ALERT: Zika Virus Update

In response to a new CDC report issued today, Governor Rick Scott (R-FL) held a news conference in which he announced a second Zika Infection zone in Miami-Dade County, Florida. The new area of Zika infection involves five new Zika cases and covers approximately 1.5 square miles in Miami Beach.

So far, Florida is the only state that has reported local transmission of Zika virus, and the Center for Disease Control (CDC) has affirmed continuation of a Travel Advisory for the region issued on August 1, 2016. The Florida Department of Health (DoH), whose responsibility it is to identify and track incidence and prevalence of infectious diseases within the state, has identified 36 persons infected through local transmission, and 488 persons infected either while traveling to areas outside of the country with mosquito-borne transmission or from having sexual relations with such a traveler. The Florida DoH also reports that 68 of the persons infected with Zika Virus are pregnant women.

“The virus is not necessarily spreading throughout the entire county, [but] we will always err on the side of providing more information to the public so people can make more informed decisions… to protect themselves,“ said CDC Director Tom Frieden, MD, MPH during the news conference with Governor Scott. “For now, pregnant women, and those women who anticipate pregnancy in the coming months, along with their partners, who are concerned with the possibility of Zika Virus infection which may cause microcephaly among other serious birth defects, may consider postponing nonessential travel to all parts of Miami-Dade County, Florida.”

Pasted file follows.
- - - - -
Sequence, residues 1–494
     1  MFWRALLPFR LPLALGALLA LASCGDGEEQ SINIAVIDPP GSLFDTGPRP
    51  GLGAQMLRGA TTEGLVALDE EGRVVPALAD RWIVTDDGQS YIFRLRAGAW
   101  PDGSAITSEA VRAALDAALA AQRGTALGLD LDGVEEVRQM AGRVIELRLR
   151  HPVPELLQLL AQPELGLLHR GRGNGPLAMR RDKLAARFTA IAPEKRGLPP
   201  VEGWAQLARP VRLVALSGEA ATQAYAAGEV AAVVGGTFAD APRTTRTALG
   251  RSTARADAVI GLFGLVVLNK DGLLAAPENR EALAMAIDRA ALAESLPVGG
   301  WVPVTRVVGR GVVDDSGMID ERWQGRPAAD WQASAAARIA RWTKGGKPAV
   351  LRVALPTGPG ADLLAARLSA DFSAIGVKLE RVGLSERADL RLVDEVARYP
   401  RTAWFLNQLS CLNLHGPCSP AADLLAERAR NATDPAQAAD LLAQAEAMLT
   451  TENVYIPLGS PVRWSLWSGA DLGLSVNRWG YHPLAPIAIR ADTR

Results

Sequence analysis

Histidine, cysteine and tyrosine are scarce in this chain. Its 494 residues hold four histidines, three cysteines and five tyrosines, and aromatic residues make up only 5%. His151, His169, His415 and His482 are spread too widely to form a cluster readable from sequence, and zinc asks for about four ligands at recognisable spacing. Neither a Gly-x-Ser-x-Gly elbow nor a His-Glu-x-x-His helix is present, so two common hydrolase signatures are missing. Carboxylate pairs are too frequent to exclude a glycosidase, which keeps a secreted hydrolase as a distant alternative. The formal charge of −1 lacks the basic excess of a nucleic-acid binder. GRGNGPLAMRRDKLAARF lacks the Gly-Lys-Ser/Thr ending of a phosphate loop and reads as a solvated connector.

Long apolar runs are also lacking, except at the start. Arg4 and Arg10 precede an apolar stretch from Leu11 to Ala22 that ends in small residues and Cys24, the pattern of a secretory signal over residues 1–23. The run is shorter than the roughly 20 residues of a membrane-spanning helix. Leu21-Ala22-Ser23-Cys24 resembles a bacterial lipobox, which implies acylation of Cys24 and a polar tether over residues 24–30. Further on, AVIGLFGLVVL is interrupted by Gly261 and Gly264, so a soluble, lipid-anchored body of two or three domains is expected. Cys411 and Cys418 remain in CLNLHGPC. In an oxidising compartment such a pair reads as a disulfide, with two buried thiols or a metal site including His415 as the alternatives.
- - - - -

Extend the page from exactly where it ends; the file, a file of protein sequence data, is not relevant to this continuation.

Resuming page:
Once again, for Arizona residents, there is no current need for action, unless they anticipate travel to areas in which the virus has already been identified. However, there are some basic steps that everyone may take in general to reduce the impact of the mosquito population locally:

  1. Ensure that all windows and doors are screened to prevent entry of mosquitoes into living areas;
  2. Eliminate from all surroundings pools of stagnant water in which mosquitoes breed; and
  3. Use proper attire and approved topical sprays and creams when outside, early in the evenings and late at night, to repel mosquitos.

https://www.washingtonpost.com/news/to-your-health/wp/2016/08/19/florida-governor-confirms-zika-virus-now-actively-spreading-in-miami-beach/

Zika Virus Update

In response to a new CDC report issued today, Governor Rick Scott (R-FL) held a news conference in which he announced a second Zika Infection zone in Miami-Dade County, Florida. The new area of Zika infection involves five new Zika cases and covers approximately 1.5 square miles in Miami Beach.